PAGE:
MTA. From a global perspective, you can stop Exchange Server from transferring large messages to other servers by enacting a size limit on the MTA. You can access the MTA property page via the General tab of the MTA for a specific server, as Screen 4 shows. Regardless of the messaging connector you use, Exchange Server enforces the size limit. However, if both the originator and the recipient reside on the same server, Exchange Server doesn't use the MTA to transfer messages. In this case, you can use mailbox limits to restrict message size.
Mailboxes. You can impose message size limits on individual mailboxes from the Exchange Administrator program. On the Limits tab on the target mailbox's property, define outgoing and incoming size limits. By default, Exchange Server imposes no size limits. You can also use the Message size option to limit a mailbox to either inbound or outbound messages. For example, as Screen 5 shows, Juli Nimitz has a 0KB outbound message size limit, so her mailbox can only receive messages.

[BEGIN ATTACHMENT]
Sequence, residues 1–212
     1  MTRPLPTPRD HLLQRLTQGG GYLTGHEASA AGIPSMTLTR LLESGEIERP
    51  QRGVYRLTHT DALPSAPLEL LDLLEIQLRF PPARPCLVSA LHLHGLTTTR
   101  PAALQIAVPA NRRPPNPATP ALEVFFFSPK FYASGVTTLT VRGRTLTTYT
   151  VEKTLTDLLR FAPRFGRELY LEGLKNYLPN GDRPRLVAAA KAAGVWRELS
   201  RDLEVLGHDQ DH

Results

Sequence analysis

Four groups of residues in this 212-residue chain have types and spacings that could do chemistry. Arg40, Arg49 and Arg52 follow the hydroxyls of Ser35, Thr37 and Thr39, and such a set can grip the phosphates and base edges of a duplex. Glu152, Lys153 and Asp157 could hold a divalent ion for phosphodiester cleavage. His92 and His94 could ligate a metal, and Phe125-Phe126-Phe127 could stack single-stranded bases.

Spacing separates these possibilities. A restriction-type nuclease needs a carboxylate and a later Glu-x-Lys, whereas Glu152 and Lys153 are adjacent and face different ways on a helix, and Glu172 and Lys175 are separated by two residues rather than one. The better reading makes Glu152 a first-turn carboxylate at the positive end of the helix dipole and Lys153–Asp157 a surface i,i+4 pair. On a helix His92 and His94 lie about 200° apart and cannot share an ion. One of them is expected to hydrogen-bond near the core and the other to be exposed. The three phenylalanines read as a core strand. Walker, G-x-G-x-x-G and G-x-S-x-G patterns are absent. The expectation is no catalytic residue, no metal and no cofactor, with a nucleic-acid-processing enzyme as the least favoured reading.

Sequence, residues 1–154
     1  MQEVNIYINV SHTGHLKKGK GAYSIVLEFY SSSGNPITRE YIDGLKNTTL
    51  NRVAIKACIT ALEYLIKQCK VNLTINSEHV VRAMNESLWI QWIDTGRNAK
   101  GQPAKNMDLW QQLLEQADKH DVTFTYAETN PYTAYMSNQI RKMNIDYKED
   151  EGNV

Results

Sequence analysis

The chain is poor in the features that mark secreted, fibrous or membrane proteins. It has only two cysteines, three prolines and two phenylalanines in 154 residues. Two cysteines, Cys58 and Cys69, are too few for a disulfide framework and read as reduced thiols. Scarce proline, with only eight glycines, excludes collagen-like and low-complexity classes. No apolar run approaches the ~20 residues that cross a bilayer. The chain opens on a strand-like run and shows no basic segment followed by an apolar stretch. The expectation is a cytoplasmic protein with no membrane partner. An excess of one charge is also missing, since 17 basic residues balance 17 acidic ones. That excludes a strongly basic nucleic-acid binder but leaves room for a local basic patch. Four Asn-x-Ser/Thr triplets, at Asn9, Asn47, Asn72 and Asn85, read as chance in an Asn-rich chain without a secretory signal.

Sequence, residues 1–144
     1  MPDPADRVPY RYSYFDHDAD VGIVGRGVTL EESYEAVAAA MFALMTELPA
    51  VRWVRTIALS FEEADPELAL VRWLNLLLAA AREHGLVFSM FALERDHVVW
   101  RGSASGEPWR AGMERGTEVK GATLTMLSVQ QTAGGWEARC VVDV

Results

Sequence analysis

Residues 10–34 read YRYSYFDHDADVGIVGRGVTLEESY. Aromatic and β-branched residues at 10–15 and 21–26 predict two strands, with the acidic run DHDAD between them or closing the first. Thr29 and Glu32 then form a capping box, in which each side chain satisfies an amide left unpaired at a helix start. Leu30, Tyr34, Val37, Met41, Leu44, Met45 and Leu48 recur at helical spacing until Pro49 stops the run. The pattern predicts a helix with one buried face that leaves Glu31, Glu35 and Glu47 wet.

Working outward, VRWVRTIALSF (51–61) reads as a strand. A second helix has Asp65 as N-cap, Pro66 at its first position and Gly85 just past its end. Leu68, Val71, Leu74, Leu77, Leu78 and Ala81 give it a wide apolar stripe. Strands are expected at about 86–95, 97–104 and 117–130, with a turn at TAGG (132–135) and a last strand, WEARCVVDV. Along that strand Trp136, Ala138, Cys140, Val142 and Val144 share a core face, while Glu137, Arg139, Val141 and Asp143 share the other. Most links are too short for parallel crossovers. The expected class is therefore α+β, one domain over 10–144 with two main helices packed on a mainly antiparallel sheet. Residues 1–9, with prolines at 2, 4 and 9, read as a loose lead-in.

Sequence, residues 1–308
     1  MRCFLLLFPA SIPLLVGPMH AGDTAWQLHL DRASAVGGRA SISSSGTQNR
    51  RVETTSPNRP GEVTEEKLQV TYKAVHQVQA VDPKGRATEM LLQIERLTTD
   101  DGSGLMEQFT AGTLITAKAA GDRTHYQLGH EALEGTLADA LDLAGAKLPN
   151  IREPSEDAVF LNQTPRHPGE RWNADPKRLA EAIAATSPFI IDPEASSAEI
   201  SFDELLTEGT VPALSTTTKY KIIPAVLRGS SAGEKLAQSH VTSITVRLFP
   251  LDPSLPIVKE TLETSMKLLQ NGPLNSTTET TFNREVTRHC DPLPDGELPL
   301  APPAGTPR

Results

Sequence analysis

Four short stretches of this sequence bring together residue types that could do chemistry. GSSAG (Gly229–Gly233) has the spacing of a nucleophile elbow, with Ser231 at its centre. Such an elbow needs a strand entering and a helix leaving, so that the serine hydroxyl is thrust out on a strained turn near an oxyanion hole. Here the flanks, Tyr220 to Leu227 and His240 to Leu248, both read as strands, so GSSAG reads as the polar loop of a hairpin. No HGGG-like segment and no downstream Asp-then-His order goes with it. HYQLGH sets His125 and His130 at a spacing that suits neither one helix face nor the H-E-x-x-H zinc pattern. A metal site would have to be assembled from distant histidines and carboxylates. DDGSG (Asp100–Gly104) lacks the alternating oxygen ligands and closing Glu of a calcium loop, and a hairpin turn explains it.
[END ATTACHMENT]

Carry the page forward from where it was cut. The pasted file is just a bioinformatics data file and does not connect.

To impose automatic message size limits on mailboxes, you can use a Template mailbox that includes defined limits. When you use Exchange Administrator to create a new mailbox, select the Template mailbox. From the drop-down menu that appears, select File, Duplicate. After you fill in the mandatory fields, the new mailbox will inherit the size restrictions. You can use the Template to create new mailboxes with size limits only when you create a mailbox from Exchange Administrator; you can't use a Template when you create new mailboxes from User Manager for Domains.
As an alternative to individual mailbox limits, you can impose a global limit on all mailboxes by setting storage limits on the Private IS property sheet. You can configure the restriction to have Exchange Server issue a warning or to prohibit the mailbox from sending or sending and receiving messages when the mailbox reaches a storage limit. (See Tony Redmond, "Managing Mailbox Quotas," July 1998, for an explanation of how to set storage limits.)
Connectors. You can set message size limits on the Remote Access Service (RAS), X.400, IMS, Microsoft Mail, and Lotus cc:Mail connectors. For X.400 connectors, size limits apply only on outbound messages; Exchange Server will accept inbound messages, regardless of their size, using an X.400 connector. You configure size limits for X.400 connectors on the Advanced tab of the connector's property sheet.